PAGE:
Different Slants

Seeing the World from a New Angle

Grampa So Loved his Lemon Tree…by Robert M. Katzman

Filed under: Uncategorized — Bob at 9:18 am on Friday, June 4, 2021

By Robert M. Katzman © June 4, 2021

Grampa Warman sure loved trees

I watched him as a child

On the South Side of Chicago

Come to my house

Dragging tree after tree after tree

Behind him, with his strong hands

Dig wide deep holes

Then plant them

Pear, Apple, Plum

And water them

Then stand back 

Look at them

And smile


He was about five foot four

Barrel-chested and muscular 

With bright white hair

His smile was wide

Deep creases framing it

A Yiddish accent shaping his English

He would knock my skinny elbows 

Off the table, over and over

When I sat in his kitchen

And then he would laugh


My Mother parked me 

At my Grandparents Chicago house 

Between 1955 and 1960

When I was five to ten

Until late in the evening

Where I discovered

Perry Como and Walter Cronkite

And watched them each night

During dinner


I watched my grandparents, too

My angry Gramma Celia

Her mouth a tight line

Her eyes cold and forbidding

She saw you and saw through you

She was four foot eleven

Snow-white hair

I did what she said

No hugs from my Gramma

I felt a shortage of love

And maybe Grampa did too


Gramma was born in Dobra, Poland

Spoke Polish there, and also 

Ukraina, A dialect

To the Jews, she was a Galitzianer

Grampa was born in Minsk, Byelorussia

Don’t know what Jews from there 

Were called by other Jews


He spoke Russian there

When they met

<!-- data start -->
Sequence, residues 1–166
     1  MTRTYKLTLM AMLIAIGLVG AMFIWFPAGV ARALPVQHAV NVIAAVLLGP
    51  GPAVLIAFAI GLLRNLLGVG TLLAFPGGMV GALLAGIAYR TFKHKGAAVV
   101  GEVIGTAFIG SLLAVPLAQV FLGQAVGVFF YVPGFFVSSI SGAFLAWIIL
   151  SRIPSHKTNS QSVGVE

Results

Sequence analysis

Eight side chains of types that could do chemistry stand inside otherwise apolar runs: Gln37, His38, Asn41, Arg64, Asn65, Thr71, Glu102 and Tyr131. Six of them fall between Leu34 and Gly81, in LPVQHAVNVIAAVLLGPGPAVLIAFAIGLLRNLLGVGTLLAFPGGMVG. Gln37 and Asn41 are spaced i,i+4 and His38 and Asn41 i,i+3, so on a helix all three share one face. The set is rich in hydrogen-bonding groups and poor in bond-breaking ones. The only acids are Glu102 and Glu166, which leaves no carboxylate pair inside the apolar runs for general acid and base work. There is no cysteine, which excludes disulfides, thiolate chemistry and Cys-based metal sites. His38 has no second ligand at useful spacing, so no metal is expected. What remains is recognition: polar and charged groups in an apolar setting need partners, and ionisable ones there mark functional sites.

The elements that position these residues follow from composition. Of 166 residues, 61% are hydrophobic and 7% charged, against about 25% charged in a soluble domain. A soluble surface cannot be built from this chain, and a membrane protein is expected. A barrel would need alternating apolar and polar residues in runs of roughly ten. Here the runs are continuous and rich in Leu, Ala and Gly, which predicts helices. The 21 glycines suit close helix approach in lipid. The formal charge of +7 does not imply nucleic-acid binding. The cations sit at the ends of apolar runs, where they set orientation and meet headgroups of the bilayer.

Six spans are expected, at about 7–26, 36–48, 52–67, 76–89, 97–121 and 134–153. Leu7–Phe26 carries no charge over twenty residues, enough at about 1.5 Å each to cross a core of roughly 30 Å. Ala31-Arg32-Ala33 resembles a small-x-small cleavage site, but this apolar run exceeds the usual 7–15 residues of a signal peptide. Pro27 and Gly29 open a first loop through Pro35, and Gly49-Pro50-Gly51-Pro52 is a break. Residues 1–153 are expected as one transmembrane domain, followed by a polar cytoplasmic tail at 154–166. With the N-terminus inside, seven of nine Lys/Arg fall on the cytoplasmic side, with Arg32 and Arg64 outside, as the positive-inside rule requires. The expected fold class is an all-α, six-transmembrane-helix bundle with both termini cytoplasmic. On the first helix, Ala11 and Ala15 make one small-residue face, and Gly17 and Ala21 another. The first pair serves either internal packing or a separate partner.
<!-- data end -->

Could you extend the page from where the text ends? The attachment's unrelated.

Yiddish was their common language

Like Greek and Latin were

 In Biblical times

English came later

Or, their version of it


Grampa told me in 1914

The year he left for America

The year it became worse for the Jews

That Minsk had:

One hundred thousand people

One third Russian

One third Polish and

One third Jews

Today, there are two million there

But only twenty thousand Jews

I did not learn I was 

One half Byelorussian Jewish 

Until I was thirty-five 

He only said “Russia”


My Grandparents spoke 

Only Yiddish in the kitchen

While I drew pictures or

Watched the news or the singers

I wasn’t supposed to understand

But over those years

I slowly began to comprehend


When I asked either a question

They would answer me 

In awkward English

I thought they were very old

When I was seven in 1957

But Grandpa was 66

Grandma was 56

Today, at 71, to me

Those ages seem young


Grampa crossed the cold Atlantic

August 21, 1914

When he was twenty

His successful family in Minsk

Objected to his leaving them

World War One began

August 28, 1914

When he was half-way to New York

They heard about it on the radio

He arrived in New York 

A week after that


All of his large family 

Who remained behind

Were murdered between 

World War One and Hitler

The Fathers, Mothers and their children

None were soldiers

I am here because he was defiant


I learned the date he left Europe

Later in my life

When it was a strange surprise

I too left home in 1964, but at 14

Also defying my family

Had to support myself

Opened a newspaper stand to do that

On August 21, 1965

Exactly 51 years after my Grampa left Europe

Bob’s Newsstand